What Does a Chest X-Ray Show?
A chest X-ray shows the lungs, heart, blood vessels and other structures inside the chest. If a person's chest X-ray is normal, the ribs and spine appear light and the air-filled lungs appear dark, according to the National Heart, Lung, and Blood Institute.
Chest X-rays are used to determine the cause of symptoms such as chest pain, trouble breathing, persistent coughing and coughing up blood, reports MedlinePlus. They are also used to diagnose or rule out conditions such as lung disease and tuberculosis. There are many causes of an abnormal chest X-ray. A physician is able to diagnose pneumonia, lung tumors, collapsed lung, scarring of the lung tissue and other respiratory problems using this test. If the heart is an abnormal size or shape, a physician is able to see the abnormality on a chest film. Chest X-rays also show problems with the position and shape of the large arteries. Because the ribs and spine are visible on a chest film, this type of X-ray is also used to diagnose osteoporosis, rib fractures and spine fractures.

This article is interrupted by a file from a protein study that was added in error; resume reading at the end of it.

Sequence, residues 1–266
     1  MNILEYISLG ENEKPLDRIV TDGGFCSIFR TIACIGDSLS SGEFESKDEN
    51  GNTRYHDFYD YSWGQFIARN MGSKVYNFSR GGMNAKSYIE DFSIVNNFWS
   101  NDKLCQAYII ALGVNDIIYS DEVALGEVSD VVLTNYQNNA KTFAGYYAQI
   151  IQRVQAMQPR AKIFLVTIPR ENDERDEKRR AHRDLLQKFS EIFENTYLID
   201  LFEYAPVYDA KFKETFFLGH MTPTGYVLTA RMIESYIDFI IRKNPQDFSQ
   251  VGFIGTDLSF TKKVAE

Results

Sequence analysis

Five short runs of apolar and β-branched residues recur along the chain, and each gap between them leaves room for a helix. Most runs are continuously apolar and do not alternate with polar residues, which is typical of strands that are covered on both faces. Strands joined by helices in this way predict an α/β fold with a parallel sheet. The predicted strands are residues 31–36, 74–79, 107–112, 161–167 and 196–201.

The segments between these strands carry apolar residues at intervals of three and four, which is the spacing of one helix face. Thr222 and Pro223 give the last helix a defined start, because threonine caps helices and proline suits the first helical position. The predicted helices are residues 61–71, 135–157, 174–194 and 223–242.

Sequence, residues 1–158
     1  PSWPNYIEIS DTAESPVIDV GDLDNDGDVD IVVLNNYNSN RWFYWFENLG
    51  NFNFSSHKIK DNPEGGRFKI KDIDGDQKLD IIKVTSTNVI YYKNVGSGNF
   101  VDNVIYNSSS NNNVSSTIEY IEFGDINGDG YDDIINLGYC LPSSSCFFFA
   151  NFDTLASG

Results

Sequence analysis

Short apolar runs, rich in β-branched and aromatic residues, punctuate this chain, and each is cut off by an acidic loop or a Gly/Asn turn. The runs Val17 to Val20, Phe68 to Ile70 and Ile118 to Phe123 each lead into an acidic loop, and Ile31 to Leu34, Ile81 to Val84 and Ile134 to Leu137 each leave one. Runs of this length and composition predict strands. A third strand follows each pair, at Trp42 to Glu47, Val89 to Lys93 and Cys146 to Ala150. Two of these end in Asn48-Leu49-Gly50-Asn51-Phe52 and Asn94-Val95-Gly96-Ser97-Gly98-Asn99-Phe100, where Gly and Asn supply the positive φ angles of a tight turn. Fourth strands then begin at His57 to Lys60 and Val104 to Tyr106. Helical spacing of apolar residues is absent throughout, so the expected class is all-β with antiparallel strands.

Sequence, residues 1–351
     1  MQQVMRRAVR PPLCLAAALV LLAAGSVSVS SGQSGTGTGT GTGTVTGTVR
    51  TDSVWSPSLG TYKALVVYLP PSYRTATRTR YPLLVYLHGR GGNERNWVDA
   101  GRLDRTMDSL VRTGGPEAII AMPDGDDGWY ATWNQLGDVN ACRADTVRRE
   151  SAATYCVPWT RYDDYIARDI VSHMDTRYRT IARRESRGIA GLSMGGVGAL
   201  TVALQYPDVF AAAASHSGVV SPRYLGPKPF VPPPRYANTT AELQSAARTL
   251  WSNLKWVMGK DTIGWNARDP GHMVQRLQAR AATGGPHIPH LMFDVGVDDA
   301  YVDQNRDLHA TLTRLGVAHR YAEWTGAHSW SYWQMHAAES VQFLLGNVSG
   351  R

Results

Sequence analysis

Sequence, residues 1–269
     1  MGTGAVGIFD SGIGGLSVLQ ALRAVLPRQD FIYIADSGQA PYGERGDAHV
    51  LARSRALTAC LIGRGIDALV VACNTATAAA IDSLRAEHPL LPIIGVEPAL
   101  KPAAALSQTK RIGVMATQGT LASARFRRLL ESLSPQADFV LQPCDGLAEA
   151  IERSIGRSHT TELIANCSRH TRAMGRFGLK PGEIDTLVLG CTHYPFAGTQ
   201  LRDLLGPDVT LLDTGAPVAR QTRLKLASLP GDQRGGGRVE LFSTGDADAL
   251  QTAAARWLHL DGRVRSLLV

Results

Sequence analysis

Chest X-rays use a small amount of radiation. In fact, a person receives a similar amount of radiation from a chest X-ray as he would from 10 days of natural radiation exposure, reports the National Heart, Lung, and Blood Institute.